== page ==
Stories of the Buddha’s Former Births
Book 4 Catukkanipata
313. Khantivadi Jātaka
“Whoso cut of,” etc.—This story the Master, while dwelling at Jetavana, told about a wrathful Brother. The incident that gave rise to the story has been already described. The Master asked that Brother, saying, “Why after taking orders under the dispensation of the Buddha who knows not what wrath is, do you show anger? Wise men in bygone days, though they suffered a thousand stripes, and had their hands and feet and ears and nose cut off, showed no anger against another.” And he then told a story of the olden time.
Once upon a time a king of Kasi named Kalabu reigned at Benares. At that time the Bodhisatta came to life in a brahmin family endowed with eighty crores of treasure, in the form of a youth named Kundakakumara. And when he was of age, he acquired a knowledge of all the sciences at Takkasila and afterwards settled down as a householder.
On the death of his parents, looking at his pile of treasure he thought: “My kinsmen who amassed this treasure are all gone without taking it with them: now it is for me to own it and in my turn to depart.” Then he carefully selected persons, who by virtue of their almsgiving deserved it, and gave all his wealth to them, and entering the Himalaya country he adopted the ascetic life. There he dwelt a long time, living on wild fruits. And descending to the inhabited parts for the sake of procuring salt and vinegar he gradually made his way to Benares, where he took up his abode in the royal park. Next day he went his rounds in the city for alms, till he came to the door of the commander-in-chief. And he being pleased with the ascetic for the propriety of his deportment, brought him into the house and fed him with the food prepared for himself. And having gained his consent he got him to take up his abode in the royal park.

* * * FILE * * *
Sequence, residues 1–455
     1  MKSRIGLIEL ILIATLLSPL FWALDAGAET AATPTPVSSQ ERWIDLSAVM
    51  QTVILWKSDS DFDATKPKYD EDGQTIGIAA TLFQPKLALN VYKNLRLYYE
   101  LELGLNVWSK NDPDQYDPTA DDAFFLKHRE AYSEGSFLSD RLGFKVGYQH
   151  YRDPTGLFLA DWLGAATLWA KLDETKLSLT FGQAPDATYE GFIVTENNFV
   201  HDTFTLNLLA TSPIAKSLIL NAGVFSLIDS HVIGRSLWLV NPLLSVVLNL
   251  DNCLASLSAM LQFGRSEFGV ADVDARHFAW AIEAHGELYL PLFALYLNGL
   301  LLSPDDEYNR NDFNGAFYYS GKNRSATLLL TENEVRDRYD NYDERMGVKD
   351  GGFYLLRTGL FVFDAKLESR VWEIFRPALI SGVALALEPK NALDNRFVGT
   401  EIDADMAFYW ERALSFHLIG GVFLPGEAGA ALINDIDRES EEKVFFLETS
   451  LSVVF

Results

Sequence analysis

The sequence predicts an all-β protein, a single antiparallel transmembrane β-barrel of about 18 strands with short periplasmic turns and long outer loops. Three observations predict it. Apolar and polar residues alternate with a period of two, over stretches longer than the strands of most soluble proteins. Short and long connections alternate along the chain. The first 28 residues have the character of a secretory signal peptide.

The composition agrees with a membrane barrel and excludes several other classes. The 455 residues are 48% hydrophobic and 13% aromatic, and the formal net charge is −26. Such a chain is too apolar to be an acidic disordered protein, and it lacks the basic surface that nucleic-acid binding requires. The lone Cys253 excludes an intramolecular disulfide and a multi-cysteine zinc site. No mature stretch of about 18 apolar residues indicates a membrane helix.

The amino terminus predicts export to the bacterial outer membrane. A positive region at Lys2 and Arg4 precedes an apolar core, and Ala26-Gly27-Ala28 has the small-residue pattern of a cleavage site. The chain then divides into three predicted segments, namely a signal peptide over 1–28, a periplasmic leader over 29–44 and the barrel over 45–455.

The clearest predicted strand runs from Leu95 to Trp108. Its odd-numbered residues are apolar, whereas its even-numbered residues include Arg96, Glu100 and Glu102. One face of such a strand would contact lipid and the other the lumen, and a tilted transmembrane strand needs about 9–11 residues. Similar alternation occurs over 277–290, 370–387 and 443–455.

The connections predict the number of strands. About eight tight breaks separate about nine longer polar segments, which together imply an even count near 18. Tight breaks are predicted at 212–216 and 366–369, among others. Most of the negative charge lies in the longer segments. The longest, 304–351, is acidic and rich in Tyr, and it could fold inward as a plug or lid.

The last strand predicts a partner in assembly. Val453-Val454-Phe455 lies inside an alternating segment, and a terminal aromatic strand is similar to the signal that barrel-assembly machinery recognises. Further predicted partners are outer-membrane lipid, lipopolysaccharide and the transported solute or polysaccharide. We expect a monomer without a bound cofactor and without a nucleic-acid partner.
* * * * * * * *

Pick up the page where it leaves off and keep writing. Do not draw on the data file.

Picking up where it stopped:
Now one day king Kalabu being inflamed with strong drink came into the park in great pomp, surrounded by a company of dancers. Then he had a couch spread on the royal seat of stone, and lay with his head on the lap of a favourite of the harem, while the nautch girls who were skilful in vocal and instrumental music and in dancing provided a musical entertainment—So great was his magnificence, like to that of Sakka, Lord of heaven—And the king fell asleep. Then the women said, “He for whose sake we are providing music, is gone to sleep. What need is there for us to sing?” Then they cast aside their lutes and other musical instruments hither and thither, and set out for the garden, where tempted on by the flowers and fruit-bearing shrubs they were soon disporting themselves.
At this moment the Bodhisatta was seated in this garden, like a royal elephant in the pride of his vigour, at the foot of a flowering Sal tree, enjoying the bliss of retirement from the world. So these women in wandering about came upon him and said, “Come hither, ladies, and let us sit down and hear somewhat from the priest who is resting at the foot of this tree, until the king awakes.” Then they went and saluted him and sitting in a circle round about him, they said, “Tell us something worth hearing.” So the Bodhisatta preached the doctrine to them.